Crater is a startup that makes it easy and fun for community members to create meaningful video stories about local issues.
Imagine a group of high school seniors in your community is hosting a fundraiser for a neighborhood charity. The local paper interviewed them and you’ve shared the link on social media, but a brief video would be better since it’s much more compelling to see and hear the students describing their event.
That’s where Crater comes in.
As the company’s Chief Data Officer, Marco White, Master of Computer Science ’18, said, local news outlets ”often fail to capture engagement from a younger audience.” In 2017, 67% of Americans reported that they accessed at least some of their news on social media, and those 18-to-24 years old spent an average of 176 minutes per week consuming online videos.
Crater’s founders aim to spur local engagement by pairing intuitive storytelling templates with easy-to-use video editing tools and making them available to people interested in telling stories about their communities.
The Crater team is composed of White, Vu Francois, Johnson Cornell Tech MBA ‘18, Kirollos Morkos, Master of Computer Science ’18, and Arpit Sheth, Master of Computer Science ’18.
Before Crater, Sheth, the company’s CEO, had been doing freelance design work for local businesses and community organizations. Pondering the current media landscape and the way most people access information, he realized the extent to which “you’re stuck in an echo chamber, you’re stuck in your own bubble.” His work with community organizations led him to think, “You know, there is a way that we can use creativity for social good”—a thought that eventually gave rise to Crater.
Interconnected & Interactive
One of team Crater’s biggest advantages is its interdisciplinary nature. “We’re engineers, but we’re designers; we’re designers, but we know business,” said Sheth. “We all converged on the idea that local news is one way that we can empower people to tell the stories that are happening around them so that we can improve community engagement, we can improve social trust and the social fabric.”
The Crater team hopes to form partnerships and work in conjunction with existing local news outlets. Their goal is to offer tools, platforms, and services to support local news creators and get people excited about what’s happening in their communities.
“Last semester, I actually took a class called Tech, Media & Democracy,” said Morkos, who will serve as Crater’s Chief Technology Officer. Once a week, the students interacted with high-profile media professionals who serve as guest speakers. Morkos said he has benefitted from “hearing the main points of [those] in local media” and learning how Crater could best serve reporters.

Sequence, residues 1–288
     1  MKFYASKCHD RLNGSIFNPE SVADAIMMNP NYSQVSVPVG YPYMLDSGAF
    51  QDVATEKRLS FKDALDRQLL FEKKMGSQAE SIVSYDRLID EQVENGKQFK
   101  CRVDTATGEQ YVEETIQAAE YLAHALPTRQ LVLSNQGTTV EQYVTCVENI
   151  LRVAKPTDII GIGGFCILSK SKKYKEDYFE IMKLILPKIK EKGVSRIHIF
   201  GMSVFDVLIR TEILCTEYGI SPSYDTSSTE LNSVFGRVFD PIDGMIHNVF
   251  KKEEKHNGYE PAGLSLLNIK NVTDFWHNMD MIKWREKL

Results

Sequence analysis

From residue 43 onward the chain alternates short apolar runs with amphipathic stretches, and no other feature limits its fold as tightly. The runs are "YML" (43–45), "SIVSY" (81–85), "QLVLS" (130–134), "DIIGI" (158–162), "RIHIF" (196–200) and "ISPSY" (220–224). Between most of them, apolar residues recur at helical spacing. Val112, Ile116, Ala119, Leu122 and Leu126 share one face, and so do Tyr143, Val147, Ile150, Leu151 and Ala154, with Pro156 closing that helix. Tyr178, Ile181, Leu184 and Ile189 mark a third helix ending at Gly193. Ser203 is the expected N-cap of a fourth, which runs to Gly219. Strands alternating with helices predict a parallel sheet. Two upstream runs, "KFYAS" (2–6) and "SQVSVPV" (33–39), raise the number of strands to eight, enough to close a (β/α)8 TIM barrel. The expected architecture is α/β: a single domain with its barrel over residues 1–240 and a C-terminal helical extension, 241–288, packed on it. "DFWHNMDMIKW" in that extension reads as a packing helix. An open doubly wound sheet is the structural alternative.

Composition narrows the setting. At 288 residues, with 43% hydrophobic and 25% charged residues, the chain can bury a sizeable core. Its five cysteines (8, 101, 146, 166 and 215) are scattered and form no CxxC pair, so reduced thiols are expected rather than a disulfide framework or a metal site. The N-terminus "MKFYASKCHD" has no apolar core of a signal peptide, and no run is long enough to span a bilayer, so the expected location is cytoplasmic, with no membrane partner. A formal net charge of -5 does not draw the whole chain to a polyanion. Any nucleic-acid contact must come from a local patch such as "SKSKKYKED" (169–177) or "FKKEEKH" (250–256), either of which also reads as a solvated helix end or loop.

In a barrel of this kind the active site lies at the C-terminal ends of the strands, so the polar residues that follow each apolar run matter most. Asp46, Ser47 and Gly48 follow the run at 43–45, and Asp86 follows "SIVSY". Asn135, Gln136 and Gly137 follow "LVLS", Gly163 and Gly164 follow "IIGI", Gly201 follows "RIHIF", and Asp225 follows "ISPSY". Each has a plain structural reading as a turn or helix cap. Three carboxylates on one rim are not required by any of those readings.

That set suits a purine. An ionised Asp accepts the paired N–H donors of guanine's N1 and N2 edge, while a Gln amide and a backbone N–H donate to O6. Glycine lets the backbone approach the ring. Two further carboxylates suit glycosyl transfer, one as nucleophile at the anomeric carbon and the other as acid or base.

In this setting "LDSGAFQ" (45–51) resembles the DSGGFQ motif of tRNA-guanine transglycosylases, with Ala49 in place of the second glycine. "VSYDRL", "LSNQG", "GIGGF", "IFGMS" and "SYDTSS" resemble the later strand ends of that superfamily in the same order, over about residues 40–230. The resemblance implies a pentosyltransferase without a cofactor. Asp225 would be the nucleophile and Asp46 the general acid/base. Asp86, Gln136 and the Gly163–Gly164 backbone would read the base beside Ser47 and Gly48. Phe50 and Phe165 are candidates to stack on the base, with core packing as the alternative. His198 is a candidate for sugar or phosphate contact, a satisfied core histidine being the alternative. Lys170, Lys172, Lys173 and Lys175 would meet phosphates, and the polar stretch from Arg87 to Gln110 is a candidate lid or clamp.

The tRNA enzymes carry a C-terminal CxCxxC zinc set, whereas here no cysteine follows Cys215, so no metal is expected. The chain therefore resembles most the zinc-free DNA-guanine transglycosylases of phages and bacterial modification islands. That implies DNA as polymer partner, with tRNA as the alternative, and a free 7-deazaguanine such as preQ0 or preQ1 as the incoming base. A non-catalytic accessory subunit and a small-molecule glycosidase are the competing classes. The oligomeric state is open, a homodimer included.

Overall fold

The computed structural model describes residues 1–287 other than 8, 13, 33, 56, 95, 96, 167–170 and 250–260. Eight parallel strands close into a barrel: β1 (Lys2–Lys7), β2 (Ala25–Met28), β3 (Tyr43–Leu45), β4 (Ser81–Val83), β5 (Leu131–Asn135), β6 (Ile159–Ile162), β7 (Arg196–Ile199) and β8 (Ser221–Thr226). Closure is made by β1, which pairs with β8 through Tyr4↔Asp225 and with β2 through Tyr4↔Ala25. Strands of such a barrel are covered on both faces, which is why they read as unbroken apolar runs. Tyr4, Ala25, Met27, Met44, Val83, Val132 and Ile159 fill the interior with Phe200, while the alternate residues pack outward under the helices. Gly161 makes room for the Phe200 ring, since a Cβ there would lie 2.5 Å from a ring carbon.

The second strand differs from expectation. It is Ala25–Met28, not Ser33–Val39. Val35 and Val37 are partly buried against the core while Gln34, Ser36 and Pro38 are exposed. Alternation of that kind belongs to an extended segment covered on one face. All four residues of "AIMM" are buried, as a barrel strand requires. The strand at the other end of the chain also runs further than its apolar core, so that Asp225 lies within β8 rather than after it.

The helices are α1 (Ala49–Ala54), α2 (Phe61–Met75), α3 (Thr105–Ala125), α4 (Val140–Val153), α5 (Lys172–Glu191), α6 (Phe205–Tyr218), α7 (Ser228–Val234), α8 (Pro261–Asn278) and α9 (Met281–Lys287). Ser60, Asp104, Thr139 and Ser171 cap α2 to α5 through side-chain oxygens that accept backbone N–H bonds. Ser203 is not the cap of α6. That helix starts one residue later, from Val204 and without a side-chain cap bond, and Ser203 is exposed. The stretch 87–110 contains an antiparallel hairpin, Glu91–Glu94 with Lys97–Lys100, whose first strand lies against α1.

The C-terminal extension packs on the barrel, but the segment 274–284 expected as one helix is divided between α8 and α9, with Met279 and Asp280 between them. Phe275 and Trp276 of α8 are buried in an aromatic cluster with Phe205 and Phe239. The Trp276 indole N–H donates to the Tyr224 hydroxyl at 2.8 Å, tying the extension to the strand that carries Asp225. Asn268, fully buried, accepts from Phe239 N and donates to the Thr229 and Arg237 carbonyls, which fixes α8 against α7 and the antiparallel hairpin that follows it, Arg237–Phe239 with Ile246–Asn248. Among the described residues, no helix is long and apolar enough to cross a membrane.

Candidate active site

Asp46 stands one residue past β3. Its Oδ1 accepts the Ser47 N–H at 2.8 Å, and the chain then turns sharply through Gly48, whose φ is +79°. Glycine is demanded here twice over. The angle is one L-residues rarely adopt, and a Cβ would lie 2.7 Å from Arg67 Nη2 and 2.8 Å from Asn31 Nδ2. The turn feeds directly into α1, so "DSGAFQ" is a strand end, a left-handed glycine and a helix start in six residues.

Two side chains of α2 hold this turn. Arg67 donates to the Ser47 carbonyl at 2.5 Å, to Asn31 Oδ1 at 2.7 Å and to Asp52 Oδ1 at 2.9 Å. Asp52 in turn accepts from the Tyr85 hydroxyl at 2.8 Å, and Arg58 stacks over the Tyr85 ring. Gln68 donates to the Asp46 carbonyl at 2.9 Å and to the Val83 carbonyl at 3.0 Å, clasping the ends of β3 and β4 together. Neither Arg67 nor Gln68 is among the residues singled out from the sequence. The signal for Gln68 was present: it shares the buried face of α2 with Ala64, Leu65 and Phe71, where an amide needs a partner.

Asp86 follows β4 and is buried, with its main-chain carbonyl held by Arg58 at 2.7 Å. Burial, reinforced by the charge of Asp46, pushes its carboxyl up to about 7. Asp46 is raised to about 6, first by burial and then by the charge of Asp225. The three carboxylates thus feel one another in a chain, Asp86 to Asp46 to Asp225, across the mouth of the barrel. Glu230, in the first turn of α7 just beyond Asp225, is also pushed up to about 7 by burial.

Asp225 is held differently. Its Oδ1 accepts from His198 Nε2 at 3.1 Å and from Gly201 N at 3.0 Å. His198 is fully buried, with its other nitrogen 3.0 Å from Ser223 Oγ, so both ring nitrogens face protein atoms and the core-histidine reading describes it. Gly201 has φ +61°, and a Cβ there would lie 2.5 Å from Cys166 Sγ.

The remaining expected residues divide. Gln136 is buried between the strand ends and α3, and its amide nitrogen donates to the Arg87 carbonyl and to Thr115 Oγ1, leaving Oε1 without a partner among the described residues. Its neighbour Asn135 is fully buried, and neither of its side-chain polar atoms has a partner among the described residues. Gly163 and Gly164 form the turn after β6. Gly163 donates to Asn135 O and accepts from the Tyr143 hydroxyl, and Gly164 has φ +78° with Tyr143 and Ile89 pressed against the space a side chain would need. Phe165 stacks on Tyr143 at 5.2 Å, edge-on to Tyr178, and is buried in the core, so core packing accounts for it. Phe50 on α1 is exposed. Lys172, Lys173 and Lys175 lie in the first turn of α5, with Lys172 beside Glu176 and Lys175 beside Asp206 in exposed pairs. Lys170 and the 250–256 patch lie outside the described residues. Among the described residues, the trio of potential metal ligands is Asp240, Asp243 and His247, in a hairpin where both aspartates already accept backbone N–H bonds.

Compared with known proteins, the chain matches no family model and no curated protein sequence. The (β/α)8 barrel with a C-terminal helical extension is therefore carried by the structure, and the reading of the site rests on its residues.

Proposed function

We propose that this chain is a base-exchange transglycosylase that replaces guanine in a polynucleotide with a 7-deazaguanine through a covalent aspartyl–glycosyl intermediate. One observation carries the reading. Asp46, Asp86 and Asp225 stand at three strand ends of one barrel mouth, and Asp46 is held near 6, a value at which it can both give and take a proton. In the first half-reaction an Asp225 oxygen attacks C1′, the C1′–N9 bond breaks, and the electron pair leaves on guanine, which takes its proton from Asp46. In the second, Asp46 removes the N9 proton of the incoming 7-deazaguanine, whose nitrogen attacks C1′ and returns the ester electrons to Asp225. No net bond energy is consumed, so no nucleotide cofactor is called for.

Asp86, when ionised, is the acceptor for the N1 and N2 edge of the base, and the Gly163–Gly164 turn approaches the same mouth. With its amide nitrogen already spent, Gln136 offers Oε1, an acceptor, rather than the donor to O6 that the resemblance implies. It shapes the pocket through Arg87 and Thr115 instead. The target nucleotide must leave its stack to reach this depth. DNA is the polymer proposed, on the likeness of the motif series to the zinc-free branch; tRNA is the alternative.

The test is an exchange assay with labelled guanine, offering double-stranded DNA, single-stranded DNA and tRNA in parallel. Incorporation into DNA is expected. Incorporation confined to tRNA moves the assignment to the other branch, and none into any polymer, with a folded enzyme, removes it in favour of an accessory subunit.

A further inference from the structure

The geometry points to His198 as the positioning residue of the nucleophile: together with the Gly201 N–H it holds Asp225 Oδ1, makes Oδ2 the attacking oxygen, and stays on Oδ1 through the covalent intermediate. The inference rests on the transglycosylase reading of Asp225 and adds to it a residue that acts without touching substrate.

That’s the kind of interaction Sheth values the most. He is especially grateful to his professors for, “throwing us out in the wild” and encouraging students to create projects that function well in the real world.
“There’s been this very great sense of always being immersed in reality even though we’re still in school,” he said. “That’s what makes us feel confident when we’re looking to spin this company out full-time. We’ve never felt like we’ve been stuck building Crater in an academic bubble.”
Trust Others and Yourself
Throughout the process of Startup Studio, the Crater team has learned a few lessons about starting a company. “The most important thing is to be open,” said White. “Talk to as many people as you can. Don’t be afraid to share your ideas. It’s never helpful to keep an idea secret.” Cultivating connections across disciplines, he said, “helps grow you as an entrepreneur.”
“I’m a computer science student, so it’s tempting to just talk to other computer science students,” Morkos said, “but I found that once Vu and I started working together, I started talking to other MBAs. I really learned so much from them just working in an interdisciplinary setting that I wouldn’t have if I’d just stuck to my comfort zone.”
Being at a school like Cornell Tech that unites aspiring entrepreneurs across various disciplines to inspire and support strategic risk-taking has helped Francois, Crater’s Chief Product Officer and the team’s only MBA candidate, become “more willing and open to pursuing those dreams.”
The biggest lesson for Sheth has been trusting his own talent. “Don’t let perceived inexperience hold you back from pursuing an entrepreneurial journey,” he said. Because he had just finished college and lacked full-time work experience when he arrived at Cornell Tech, interacting with older MBAs and engineering students could, “feel overwhelming” at first. Eventually he came to realize that the relationships he was building and the practical, hands-on education he was getting counted as valuable, real-world experience.
White said the company’s long-term plan involves making locally sourced content, “easily discoverable to anyone living in the community.” Sheth summed it up and said, “We’re really passionate about this idea, so we’re going to continue pursuing it full-time.”